Thursday, 22 November 2012

Nativity 2: Danger in the Manger

Running Time: 105 mins
Directed By: Debbie Isitt
Starring: David Tennant, Jessica Hynes, Marc Wootton, Pam Ferris, Ian McNeice, Joanna Page
Screenplay: Debbie Isitt 
UK Release Date: 23rd November 2012 -UK

Christmas is about the only time a ‘good’ film can feel like a great film, and that’s in no way a negative thing, simply because it’s one of the best holidays of the year- family, fun, friends and festive cheer (or in other words; all the good cheese).

Nativity 2: Danger in the Manger, (sequel to 2009’s Nativity! if you didn’t know) is just the type of good cheese. With some of the same young children as before and a few new, cute faces, Nativity 2 is set around Mr Maddens class at St Bernadette's again. Since the last film, Mr Madden (Martin Freeman) has moved to America, so St. Bernadette’s is looking for a replacement teacher to teach the class and keep the teaching assistant, Mr Poppy, in control. Soon to be Dad, Donald Peterson (David Tenant), is the lucky new teacher who’s fear of becoming a first time Dad is only aggravated once he is kidnapped by Mr Poppy and the children, to attend the Song For Christmas in Wales, losing his phone with no way of communicating with his heavily pregnant wife. Of course these, and the other mishaps, are hilarious and, although predictable, a lot of fun.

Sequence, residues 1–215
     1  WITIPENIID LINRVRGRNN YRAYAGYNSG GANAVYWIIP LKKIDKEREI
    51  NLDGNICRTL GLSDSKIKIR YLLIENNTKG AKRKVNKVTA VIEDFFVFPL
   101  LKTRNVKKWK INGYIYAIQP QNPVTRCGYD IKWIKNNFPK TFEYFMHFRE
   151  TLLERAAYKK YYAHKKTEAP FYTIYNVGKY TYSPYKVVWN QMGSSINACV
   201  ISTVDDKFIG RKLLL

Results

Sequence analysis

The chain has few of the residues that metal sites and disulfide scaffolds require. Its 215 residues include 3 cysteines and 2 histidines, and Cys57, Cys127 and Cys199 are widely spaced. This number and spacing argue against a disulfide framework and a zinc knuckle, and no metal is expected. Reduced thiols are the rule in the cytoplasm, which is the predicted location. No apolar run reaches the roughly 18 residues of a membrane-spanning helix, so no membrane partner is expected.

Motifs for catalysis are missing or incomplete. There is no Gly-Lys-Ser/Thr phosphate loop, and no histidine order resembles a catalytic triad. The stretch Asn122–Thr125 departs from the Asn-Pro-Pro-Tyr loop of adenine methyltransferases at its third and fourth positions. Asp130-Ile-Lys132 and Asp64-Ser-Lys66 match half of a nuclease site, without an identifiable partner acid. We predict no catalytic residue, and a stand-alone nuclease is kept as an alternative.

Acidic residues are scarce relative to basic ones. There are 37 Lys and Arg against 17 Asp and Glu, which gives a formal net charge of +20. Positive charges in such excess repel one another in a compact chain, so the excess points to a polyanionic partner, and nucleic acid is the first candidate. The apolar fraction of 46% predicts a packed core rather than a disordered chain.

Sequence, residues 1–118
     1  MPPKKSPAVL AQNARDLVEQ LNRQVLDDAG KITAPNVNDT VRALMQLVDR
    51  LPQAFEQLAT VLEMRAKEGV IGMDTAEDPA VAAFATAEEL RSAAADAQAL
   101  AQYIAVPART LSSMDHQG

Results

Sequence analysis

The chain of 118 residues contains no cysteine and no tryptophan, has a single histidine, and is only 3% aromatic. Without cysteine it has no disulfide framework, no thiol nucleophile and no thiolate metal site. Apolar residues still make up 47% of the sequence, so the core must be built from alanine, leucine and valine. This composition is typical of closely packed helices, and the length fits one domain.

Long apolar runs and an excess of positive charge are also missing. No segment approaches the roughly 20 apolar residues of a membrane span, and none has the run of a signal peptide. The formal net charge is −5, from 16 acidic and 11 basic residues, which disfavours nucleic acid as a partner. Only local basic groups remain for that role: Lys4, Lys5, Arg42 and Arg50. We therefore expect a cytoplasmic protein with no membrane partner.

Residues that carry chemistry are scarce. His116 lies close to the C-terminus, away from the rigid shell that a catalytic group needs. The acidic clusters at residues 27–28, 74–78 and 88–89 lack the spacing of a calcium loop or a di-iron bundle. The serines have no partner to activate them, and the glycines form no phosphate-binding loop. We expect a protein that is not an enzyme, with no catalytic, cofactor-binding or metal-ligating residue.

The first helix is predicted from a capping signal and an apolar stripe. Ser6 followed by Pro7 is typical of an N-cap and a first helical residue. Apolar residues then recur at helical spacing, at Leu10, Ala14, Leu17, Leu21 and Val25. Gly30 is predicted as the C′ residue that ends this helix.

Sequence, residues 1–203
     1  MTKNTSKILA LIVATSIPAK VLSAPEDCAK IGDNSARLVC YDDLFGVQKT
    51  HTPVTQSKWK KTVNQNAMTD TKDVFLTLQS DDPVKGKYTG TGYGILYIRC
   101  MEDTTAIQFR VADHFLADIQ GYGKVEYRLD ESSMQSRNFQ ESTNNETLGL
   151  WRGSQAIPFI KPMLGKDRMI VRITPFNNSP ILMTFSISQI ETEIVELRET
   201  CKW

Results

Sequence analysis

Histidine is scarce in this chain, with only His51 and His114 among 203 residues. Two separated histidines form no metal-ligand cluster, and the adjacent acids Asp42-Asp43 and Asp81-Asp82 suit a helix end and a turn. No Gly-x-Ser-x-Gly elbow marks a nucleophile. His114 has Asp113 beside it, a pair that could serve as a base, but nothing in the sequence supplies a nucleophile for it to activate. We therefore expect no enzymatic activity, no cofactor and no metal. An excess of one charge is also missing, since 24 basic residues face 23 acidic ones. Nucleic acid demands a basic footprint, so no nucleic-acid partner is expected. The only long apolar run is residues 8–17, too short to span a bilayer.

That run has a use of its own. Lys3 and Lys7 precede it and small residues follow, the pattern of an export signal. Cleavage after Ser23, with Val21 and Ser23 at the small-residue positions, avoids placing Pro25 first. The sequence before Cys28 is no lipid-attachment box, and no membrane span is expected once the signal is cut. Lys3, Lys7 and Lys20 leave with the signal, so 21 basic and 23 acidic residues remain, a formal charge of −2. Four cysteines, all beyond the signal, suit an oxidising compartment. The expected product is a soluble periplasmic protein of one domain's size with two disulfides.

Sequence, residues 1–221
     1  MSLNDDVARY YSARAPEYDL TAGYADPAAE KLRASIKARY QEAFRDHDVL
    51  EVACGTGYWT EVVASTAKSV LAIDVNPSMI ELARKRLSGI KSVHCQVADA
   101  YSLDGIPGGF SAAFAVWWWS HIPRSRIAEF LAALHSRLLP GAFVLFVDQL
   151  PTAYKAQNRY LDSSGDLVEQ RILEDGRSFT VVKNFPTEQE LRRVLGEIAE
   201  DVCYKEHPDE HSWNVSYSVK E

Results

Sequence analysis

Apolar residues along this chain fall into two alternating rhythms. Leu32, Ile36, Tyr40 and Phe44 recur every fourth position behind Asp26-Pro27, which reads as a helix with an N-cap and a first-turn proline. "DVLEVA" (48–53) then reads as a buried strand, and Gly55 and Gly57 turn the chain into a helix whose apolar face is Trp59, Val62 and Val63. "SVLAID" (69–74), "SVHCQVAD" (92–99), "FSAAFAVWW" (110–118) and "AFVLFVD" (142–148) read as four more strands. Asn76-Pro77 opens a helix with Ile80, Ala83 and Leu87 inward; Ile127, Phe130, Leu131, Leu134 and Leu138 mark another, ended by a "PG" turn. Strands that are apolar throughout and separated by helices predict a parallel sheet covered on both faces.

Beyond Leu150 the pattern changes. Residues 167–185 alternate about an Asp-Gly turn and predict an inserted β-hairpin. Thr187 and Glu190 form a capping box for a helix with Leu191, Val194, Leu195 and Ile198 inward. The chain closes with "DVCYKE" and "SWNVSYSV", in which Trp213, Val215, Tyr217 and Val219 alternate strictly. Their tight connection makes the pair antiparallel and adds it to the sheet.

To create a great family film, the humour can’t just aim towards youngsters, but adults too. Nativity 2, like the first, is silly, belly-aching fun which is sure to tickle every member of the family in some way. From the auditions, to the long journey to Wales, Mr Poppy and most importantly the children, portray innocent fun such as finding a random donkey and interpreting it as a sign to taking part in fart competitions.

Undoubtedly the stand out of the entire film is the marvellous Jessica Hynes, who is Angel Matthews, a famous singer who judges the show with her own opinions on whose worthy and who’s just showing off. All of the child actors deserve a mention, for being adorable and whole heartedly believable, which is down to the improvised styling that the production took.

Although it misses the charm that most Christmas films entail, Nativity 2 is funny, sweet and enough to get you in the mood for the holidays. 3/5
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